But it is not the end of the story.
Their loved one is alive this very day with God.
Their loved one is at peace, and wholeness.
As a pastor one of the things I love is to proclaim that promise when people are experiencing death.

I want to give you the same message this morning.
This is not the place we will stay in forever.
It is the time we are in now.
And when we come out of the tomb.
When we find ourselves on the other side of this things will have changed.
There will have been death, but also there is resurrection.

I can't say exactly what that will look like for any of us.
But I know it will be there.
I want to share something that one of our members shared with me this week.
It was about a woman who was talking to husband about not being able to get her hair colored during this time.
She told him that during the quarantine will be baring our true hair color as roots begin to grow in.

And her husband looked into his wife's eyes and she was reminded that the heaviness of this pandemic—financially, emotionally & mentally, has not escaped our family.

Because what he said next reminded her that it’s in the trials, in the troubles & in the tribulations, we’re gifted with a deeper experience of God’s surpassing wisdom — & that’s when he said it...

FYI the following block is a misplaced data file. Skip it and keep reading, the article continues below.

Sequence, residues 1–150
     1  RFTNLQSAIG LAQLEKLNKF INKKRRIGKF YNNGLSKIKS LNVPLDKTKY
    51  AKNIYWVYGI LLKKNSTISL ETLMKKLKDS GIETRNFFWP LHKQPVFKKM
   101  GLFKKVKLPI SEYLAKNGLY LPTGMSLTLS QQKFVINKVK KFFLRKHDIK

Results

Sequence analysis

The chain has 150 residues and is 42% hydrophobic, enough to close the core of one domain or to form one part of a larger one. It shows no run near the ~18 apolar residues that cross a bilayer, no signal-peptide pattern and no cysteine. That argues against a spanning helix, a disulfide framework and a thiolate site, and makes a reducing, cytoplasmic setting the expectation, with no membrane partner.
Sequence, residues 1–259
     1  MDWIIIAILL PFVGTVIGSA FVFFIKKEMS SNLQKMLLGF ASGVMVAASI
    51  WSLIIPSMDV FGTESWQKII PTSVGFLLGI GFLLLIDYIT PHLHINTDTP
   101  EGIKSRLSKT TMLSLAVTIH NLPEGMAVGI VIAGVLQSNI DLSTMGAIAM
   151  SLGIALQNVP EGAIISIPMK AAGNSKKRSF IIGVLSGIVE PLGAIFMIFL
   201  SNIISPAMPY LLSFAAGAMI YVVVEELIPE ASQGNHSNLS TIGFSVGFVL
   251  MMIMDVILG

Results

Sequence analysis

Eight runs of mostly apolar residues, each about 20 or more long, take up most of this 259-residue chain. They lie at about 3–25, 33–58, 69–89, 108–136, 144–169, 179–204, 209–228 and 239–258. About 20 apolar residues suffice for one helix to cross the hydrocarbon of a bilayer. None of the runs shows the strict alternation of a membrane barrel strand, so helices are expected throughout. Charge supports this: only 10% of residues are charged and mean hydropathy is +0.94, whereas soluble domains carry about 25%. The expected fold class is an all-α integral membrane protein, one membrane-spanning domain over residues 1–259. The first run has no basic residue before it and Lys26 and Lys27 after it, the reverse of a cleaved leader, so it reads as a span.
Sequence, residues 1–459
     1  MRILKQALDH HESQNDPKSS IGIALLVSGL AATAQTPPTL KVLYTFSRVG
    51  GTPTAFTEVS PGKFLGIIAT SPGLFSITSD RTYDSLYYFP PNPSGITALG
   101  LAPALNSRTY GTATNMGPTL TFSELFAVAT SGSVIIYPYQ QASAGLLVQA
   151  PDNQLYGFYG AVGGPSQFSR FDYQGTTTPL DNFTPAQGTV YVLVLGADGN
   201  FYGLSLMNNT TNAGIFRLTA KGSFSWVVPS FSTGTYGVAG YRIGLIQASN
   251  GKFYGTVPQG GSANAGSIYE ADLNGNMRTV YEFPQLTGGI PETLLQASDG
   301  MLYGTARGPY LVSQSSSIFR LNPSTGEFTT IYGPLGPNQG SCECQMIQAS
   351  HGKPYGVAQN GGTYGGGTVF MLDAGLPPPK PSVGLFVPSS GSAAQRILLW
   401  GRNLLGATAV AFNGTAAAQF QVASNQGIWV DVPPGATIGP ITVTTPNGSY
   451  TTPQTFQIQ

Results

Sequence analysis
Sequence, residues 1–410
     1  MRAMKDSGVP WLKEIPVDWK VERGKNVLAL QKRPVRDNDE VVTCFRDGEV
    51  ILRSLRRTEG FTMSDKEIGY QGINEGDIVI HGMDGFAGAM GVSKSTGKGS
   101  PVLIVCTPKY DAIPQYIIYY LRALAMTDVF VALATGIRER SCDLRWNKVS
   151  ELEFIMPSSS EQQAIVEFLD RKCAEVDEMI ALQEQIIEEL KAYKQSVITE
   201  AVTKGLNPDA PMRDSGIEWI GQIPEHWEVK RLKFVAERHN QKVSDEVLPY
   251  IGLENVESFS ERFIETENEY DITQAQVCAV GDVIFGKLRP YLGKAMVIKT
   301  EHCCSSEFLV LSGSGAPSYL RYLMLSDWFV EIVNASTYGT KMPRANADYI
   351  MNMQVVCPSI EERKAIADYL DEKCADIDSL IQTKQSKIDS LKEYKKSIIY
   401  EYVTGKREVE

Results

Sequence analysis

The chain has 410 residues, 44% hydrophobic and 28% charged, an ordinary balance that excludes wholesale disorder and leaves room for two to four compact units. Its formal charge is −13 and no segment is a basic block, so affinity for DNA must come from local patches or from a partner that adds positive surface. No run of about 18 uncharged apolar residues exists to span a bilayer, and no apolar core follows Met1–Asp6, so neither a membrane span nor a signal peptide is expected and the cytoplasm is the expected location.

“I have a feeling it won’t just be hair roots — but our faith roots, too.”

Because that spiritual gray I’ve been bleaching with busyness...

And that job title I’ve been wearing as an identity...

And that stock number I’ve been depending on as my anchor...

And that social environment I’ve been using to fill voids...

And that place of worship I’ve been relying on as my foundation...

And those loud gatherings I’ve been trusting to drown out my thoughts....

And those non-essential shopping sprees to cover my pain...

Yep, they’re being e x p o s e d .

There’s no dying, coloring, highlighting, low-lighting, Balayage-ing, covering, hiding these roots.

And since God is not a God of condemnation, but of revelation from the One who is our safehaven; no shadow of shame will cover our face (or hair) ~Psalm 34.5

It’s here IN this time of stillness where God gently reveals the roots, exposes the gray & blankets us in His confident hope.
A hope saturated in a Love which enables us to whisper in the darkest of moments... “I do not fear bad news. I confidently trust the Lord to care for me!” Replay & repeat.

And that is what this is for us.
It is turning to God in trust.
It is us standing outside a stinking tomb, our friends, our loved ones inside.
And hearing God say, "Come Out"!
And living again.
This time will reveal to us that we can't trust in much in this life.
And that the things we have leaned on are going to die.
But in that place God will grow new things in us.
That is the continuing story of our faith.
Dying and rising.

In this time of that we are experiencing dying, I hope that you can trust and know that God is also rising new things in you through this time.